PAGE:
Spare Hearts  
Spare Hearts  
Summaries of what's in Time, Newsweek, etc.
Jan. 28 2000 9:30 PM

Spare Hearts  


New York Times Magazine, Jan. 30


The cover story anticipates how biotechnology might revolutionize aging. Embryonic stem cells, which contain "the genetic blueprint and biological know-how" to produce any organ, are being engineered to "serve as a warehouse of spare human parts" that could be transplanted into the sick and elderly. The feds have banned stem-cell research because of ethical concerns, but research continues in the private sector, unguided by public debate. An essay applauds the blurring of strict boundaries between church and state. Declining confidence in government has made Americans more comfortable with using religion to promote social welfare. Potential danger: "Religious supremacists" such as George W. Bush and Chief Justice William Rehnquist support an "openly religious public sphere" that could corrupt both church and state.


Economist, Feb. 4

The cover editorial decries the demonization of multinational corporations. Big multinationals pay higher local wages and create jobs faster. The "corporate morality" of multinationals "is a great deal better than that of the average government." Global companies "set guidelines for dealing with environmental safety and sexual harassment in countries where no such words exist." An article warns against overdependence on nongovernmental organizations, which disburse more aid than the World Bank. Subject to no oversight, they issue prejudiced reports and force-feed western values.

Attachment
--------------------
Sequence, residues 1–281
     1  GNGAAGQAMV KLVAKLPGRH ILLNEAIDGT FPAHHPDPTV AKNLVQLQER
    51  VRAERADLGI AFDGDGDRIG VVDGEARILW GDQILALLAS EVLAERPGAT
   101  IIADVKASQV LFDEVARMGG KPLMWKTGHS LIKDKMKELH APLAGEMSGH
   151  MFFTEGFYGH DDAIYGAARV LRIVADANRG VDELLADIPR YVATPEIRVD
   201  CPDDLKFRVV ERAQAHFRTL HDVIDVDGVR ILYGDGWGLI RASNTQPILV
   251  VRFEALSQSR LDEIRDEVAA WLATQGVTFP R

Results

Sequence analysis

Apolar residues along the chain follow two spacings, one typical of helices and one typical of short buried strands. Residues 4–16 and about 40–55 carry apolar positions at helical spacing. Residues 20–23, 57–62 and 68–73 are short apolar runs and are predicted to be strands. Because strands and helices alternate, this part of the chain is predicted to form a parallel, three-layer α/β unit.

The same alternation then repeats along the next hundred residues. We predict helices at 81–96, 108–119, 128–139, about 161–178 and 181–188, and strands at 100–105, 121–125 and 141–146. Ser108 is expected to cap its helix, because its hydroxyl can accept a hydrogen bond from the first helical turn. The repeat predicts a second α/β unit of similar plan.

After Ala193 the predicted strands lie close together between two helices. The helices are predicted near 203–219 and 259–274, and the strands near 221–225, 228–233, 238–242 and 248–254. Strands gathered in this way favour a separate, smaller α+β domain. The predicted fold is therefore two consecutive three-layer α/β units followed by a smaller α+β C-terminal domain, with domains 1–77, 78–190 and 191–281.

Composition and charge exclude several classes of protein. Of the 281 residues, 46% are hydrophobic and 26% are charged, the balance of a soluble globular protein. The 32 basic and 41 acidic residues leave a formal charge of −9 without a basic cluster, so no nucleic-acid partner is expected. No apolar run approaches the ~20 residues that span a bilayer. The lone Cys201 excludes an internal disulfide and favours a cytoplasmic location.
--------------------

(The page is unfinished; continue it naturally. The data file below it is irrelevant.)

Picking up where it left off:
New Republic, Feb. 7

An article argues that George W. Bush has moved too far to the right. His opposition to campaign-finance reform and support for supply-side tax cuts are out of sync with the nation's mood. Voters don't want to change Clinton's policies, they simply want a president with better character. John McCain is campaigning on that "winning formula." The cover story notes that New Hampshire is not as anti-tax as it used to be. Discontent with state services has persuaded many Granite State residents "that bigger government may not only be necessary—it may even be worth paying for."



Time, Jan. 31

The cover piece regurgitates the conventional wisdom on the presidential candidates. Bill Bradley is running on a "goodness platform," George W. Bush "believes Republicans were put on earth to cut taxes," etc. An article argues that Bradley has crippled his campaign by spending too much money and time in Iowa. An article on the hyped-to-the-hilt launch of Oxygen notes the obstacles to the women's cable channel's success. Despite the promise of an Oprah Winfrey show, a yoga program, and Web tie-ins, the channel will debut in only 10 million homes and faces a powerful competitor in Lifetime.


Newsweek, Jan. 31

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